I'm guessing the jacket and would be one time use, the helmet could possibly be good afterwards, and the gloves and boots would have even better chances of holding up.

would knee pads work to protect the uncovered parts of my legs from abrasion or what kind of pants offer both abrasion and impact protection?

I guess the best option is a track suit, but I need something cheaper and more practical.


This is just Lokky and I- but we don't have a great opinion of Corazzo's stuff. The two or three pieces we've had experience with were not warm enough for our region (which is not really a problem for you, I assume), weren't designed very smartly (in the case of the jacket I tried out) and didn't last very long (in the case of the gloves he has). The Carbone gloves are exactly what he/I own... he used them for exactly one summer and they are literally falling apart. Some layers are peeling, and seams are splitting. I have fabric-glued the splitting seams, as they are small and thankfully in places which are less worrisome than other places would be, and the glue seems to be holding up well. It just bothered us that they had to be retired after just one SEASON of riding. They are now a backup pair of gloves... I do have to say that they breathe incredibly well, and I currently prefer wearing them with a fleece and silk liner in them instead of my winter gloves because of the extra flexibility for my still slightly sore previously broken/hyperextended fingers. They ARE good summer gloves... they just didn't last very long AT ALL.

He replaced them with the Rev'It Sand gloves. I was looking at Cortech gloves similar to the Corazzo Carbone.

Also, I ordered and tried some kneepads- I liked them, but they were 'one size fits most' and the straps definitely did NOT fit my giant swimmer's calves. But they were fairly inexpensive- about 40 for the pair.

Depending on the crash, you could walk away with everything or nothing. If you strike your helmet proper (not just visor) it needs to be replaced- even if there is no visible damage, protection inside could have been compromised. Your jacket can be scuffed or scratched and still give you protection- whether you want to wear the jacket in cosmetically defective condition is up to you Cool Same with boots and gloves. Additionally, most jackets have removable armor so you can inspect the armor itself and replace individual pieces if you choose. Wink
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PostPosted: Sat Dec 31, 2011 6:28 pm    Post subject: Reply with quote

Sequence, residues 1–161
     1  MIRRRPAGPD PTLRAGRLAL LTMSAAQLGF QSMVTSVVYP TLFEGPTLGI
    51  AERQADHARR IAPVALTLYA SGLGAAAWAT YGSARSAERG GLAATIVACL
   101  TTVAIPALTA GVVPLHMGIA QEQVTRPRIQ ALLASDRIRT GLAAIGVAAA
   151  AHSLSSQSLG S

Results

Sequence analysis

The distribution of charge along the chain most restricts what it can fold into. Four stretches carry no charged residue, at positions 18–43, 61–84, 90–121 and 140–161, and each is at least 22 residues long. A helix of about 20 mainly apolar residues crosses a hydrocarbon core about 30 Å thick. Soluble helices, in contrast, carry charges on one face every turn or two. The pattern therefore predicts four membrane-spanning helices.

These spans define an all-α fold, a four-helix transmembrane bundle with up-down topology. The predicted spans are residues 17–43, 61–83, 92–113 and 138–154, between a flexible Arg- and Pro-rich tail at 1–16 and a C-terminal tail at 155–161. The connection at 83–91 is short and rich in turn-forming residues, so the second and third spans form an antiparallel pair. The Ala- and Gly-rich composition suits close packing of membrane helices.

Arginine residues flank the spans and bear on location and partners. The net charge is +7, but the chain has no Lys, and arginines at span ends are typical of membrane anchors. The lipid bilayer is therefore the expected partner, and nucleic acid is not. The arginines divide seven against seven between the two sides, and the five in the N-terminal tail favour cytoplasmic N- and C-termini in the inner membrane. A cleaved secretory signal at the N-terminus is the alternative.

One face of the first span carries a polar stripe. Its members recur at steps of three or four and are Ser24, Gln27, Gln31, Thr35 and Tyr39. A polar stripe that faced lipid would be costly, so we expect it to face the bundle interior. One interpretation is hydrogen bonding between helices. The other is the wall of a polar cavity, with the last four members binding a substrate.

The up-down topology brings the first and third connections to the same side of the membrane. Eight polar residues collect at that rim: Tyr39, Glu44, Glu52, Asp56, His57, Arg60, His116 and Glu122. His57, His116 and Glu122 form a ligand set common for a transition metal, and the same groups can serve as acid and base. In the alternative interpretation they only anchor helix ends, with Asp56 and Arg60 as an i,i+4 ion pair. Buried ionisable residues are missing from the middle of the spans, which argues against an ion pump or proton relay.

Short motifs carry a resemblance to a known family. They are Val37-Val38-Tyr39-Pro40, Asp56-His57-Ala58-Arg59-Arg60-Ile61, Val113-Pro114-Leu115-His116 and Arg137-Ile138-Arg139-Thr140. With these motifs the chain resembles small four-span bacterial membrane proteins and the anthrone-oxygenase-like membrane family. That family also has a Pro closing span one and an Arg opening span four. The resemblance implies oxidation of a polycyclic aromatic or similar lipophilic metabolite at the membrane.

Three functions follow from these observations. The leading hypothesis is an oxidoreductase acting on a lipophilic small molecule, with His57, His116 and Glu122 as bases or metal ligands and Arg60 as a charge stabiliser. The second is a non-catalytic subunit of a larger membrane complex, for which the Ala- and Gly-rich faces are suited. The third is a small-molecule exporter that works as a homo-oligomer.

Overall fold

How many crashes you planning on having?

If you're concerned about it and want to get some protection from gear, it's probably best to focus on surviving one at a time and get the best stuff you can. If you're so concerned you'd even consider a track suit, then a 3/4 helmet seems like an odd decision. Why cover everything except your face, which is very vulnerable?

FWIW, I've had 2 helmets and a jacket replaced by the responsible parties' insurance after crashes. Yay?

blorf wrote:
all this crash talk makes me nervous.

More important

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La
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PostPosted: Sat Dec 31, 2011 6:53 pm    Post subject: Gear that can be repaired Reply with quote

I believe that Cycleport, Aerostitch and Vanson will repair their gear if damaged in a crash. I like that option enough to have gear from all three of those companies. There are also companies that have older models of their gear, with quality materials, that go for cheap enough that it would not be too financially devastating to replace them. Just because they are an old style? That's crazy! If you really want to get an anecdotal taste for how various gear does in a crash, many MC forums have a crash reports section.
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PostPosted: Sat Dec 31, 2011 7:15 pm    Post subject: Reply with quote

in fact while Helmets don't come with many instructions I think all will says a fall from 3-5 ft will render it useless. This is why I cringe when I see a helmet resting on a seat. If it gets knocked off, it won't look worse for the wear but it will now be considered useless to protect you Sad
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PostPosted: Sat Dec 31, 2011 8:15 pm    Post subject: Reply with quote

ericalm wrote:
blorf wrote:
all this crash talk makes me nervous.

More important

Proof of ADD.

What I meant to say was that it's more important to be realistic about the dangers, take responsibility and be prepared for them. Nerves will just cause problems!

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PostPosted: Sun Jan 01, 2012 2:00 am    Post subject: Reply with quote